Review: FilmConvert Pro
Fast, Accurate Film-Stock Emulation for Your NLE or Finishing Software
By Nino Del Padre / Jul 2, 2014
Ever since the introduction of the modern video camera, many digital filmmakers have been striving for that elusive “film look.” As digital camera technology advanced from high definition to 4K and above, with 24p native frame rates and larger sensors, we have moved much closer to this ideal.
But no matter how good the lighting or how large the cameras sensor, the look of digital footage can leave a lot to be desired.
This is where a “film look” plug-in comes in handy. I have used many of these plug-ins with various cameras, and they basically do the same thing. Many of them use contrast and color changes to create a look, but they still fall short of that elusive cinematic look.
FilmConvert, a software tool from Rubber Monkey Software, is described as a film-emulation plugin, and it’s different. It accurately models the response of many digital cameras and film stocks, and provides a different transformation for each camera-and-stock combination.
The examples on the FilmConvert website are very impressive. They have shot several example scenes and charts with a Red One and an Arri 435 loaded with various film stocks. You can compare the images of the digital footage without any processing, the digital image processed using FilmConvert software, and the film footage. The images of the film footage and the processed Red One footage are almost identical. It’s pretty mind-blowing.
FilmConvert works on any digital camera footage. For more accurate results, free camera profiles are available, and the company is constantly releasing new ones. Currently supported Cameras include the ARRI Alexa, the Blackmagic Cinema Camera, the Blackmagic Pocket Camera, the Canon 1DC, the Canon 5D Mk II and Mk III, the Canon 6D, the Canon 550D/T2i, the Canon 600D/T3i, the Canon 7D/60D, the Canon C100 and C300, the Canon XF300, the Digital Bolex D16, the GoPro Hero, the Nikon D800 and D7000, the Panasonic GH2, GH3, and GH4, the Red One, Red One MX, Red Epic and Scarlet, Sony EX3 and EX1, Sony F55, and Sony FS700
The software works within your NLE or as standalone software. As a Windows user, I didn’t test the standalone version, which is currently available only for OS X.
Installing FilmConvert was straightforward and easy. After you do so, a “Film Emulation” category is added to your NLE effects box. The user controls are straightforward. There is a camera section, where you choose the camera your footage was shot on and the color space used, exposure and color temperature sliders, a film settings section with a convert to stock selector and a size selector that determines grain size. 35mm full-frame would be the finest level of grain, while 8mm would be the coarsest. Percentage sliders let you decide how much of the emulation and grain to apply.
FilmConvert also features a color-correction section, including three color wheels to adjust the color of the shadows, midtones, and highlights, sliders to adjust the image by adding or removing brightness, and a levels graph and adjustments.
FilmConvert is the result of extensive R&D and testing. The company’s engineers shot source charts with many different digital cameras, including different picture profiles for each, and then shot the same same charts with various film stocks. Rubber Monkey carefully studied how individual cameras record an image and, through this scientific approach, has been able to very accurately transform the look of your footage.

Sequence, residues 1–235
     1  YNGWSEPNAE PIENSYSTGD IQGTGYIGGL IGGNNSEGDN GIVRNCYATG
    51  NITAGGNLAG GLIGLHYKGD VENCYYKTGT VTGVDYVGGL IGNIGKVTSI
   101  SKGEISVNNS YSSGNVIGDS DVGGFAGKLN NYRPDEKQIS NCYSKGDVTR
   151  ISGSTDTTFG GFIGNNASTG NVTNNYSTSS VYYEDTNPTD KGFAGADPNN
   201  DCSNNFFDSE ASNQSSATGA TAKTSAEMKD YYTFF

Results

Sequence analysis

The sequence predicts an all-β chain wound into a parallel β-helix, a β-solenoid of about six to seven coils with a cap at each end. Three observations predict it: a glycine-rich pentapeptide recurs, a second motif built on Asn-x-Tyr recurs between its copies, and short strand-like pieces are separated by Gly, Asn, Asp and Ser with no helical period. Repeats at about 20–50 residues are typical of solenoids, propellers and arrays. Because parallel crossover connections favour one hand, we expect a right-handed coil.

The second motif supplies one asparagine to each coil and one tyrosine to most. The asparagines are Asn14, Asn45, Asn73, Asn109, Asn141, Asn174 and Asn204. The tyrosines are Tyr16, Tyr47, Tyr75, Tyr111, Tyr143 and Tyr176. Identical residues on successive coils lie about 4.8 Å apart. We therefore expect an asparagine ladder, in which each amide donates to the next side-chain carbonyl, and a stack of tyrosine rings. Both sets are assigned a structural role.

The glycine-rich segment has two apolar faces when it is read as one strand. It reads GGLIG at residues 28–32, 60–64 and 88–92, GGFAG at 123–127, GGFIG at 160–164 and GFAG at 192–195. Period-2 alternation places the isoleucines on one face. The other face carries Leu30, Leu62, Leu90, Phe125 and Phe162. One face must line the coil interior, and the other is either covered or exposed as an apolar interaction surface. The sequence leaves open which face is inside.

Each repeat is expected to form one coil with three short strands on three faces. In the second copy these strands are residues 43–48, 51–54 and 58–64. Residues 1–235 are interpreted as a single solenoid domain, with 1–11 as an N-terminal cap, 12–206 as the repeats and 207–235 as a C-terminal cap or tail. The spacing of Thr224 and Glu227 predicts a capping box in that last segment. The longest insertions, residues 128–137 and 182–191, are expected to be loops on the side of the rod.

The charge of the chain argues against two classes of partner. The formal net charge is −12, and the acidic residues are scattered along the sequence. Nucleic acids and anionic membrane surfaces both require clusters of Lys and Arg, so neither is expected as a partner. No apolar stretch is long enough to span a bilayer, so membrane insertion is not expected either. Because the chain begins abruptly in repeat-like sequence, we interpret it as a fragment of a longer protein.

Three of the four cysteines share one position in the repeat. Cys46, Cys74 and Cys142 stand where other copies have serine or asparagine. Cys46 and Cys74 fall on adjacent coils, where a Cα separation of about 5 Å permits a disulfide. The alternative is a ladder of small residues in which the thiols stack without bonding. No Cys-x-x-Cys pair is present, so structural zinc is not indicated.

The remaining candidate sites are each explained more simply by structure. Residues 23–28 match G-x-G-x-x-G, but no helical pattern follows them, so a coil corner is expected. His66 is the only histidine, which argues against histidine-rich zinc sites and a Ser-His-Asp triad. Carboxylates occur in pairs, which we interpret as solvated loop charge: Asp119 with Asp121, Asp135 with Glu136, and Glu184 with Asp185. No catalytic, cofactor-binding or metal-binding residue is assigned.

FilmConvert models the following film stocks:
Motion Color Negative
Kodak Vision 3 250D 5207, Kodak Vision 3 200T 5213, Fuji Vivid 8543, Fuji Eterna 8553, Fuji Reala 8563
Stills Color Transparency
Fuji Astia, Fuji Provia, Fuji Velvia
Stills Black and White
Fuji Neopan, Ilford Delta 400, Ilford Delta 3200, Kodak T-Maxx 100, Kodak Tri-X 400
Stills Color Negative
Fujicolor Pro 400H, Fujicolor Pro 160s, Fujifilm Superia Xtra 400, Kodak Portra 400
Stills Color Positive
I tested the plugin on a Boxx workstation with Adobe Premiere Pro CC 2014, using footage from a music video I recently shot with a Sony F55. Having extensively used film-look plugins, I didn’t know what to expect from FilmConvert, but I quickly learned that this was something much different than what I have used in the past.
After I input the camera info, the quality of the various film stock presets was impressive, delivering very pleasing results. The color-grading options are simple but powerful. FilmConvert does a very good job at emulating the look of a wide variety of film stocks. I used the Kodak Vision 3 250D 5207 preset with the grain slider at 60% for my test footage.
I was most impressed with how FilmConvert processes color, producing a very organic look. The grain tool is also not what I expected. Unlike other plugins I have used that simply overlay film grain, FilmConvert realistically models the amount of grain required for each color and exposure level in your image. This results in a very pleasing and organic look.
You can individually adjust the degree of color and grain applied to your clip using the percentage sliders. Along with the color-correction tools, this provides a fast way to match shots, or add just the grain of a film stock (and not the color shift) if desired. The plugin seems very responsive and renders fast.
If you don’t have much time to spend on color grading, but you’d like to get a great look quickly, FilmConvert is a very useful plugin. I am definitely a fan. A free demo is available from the filmconvert.com website.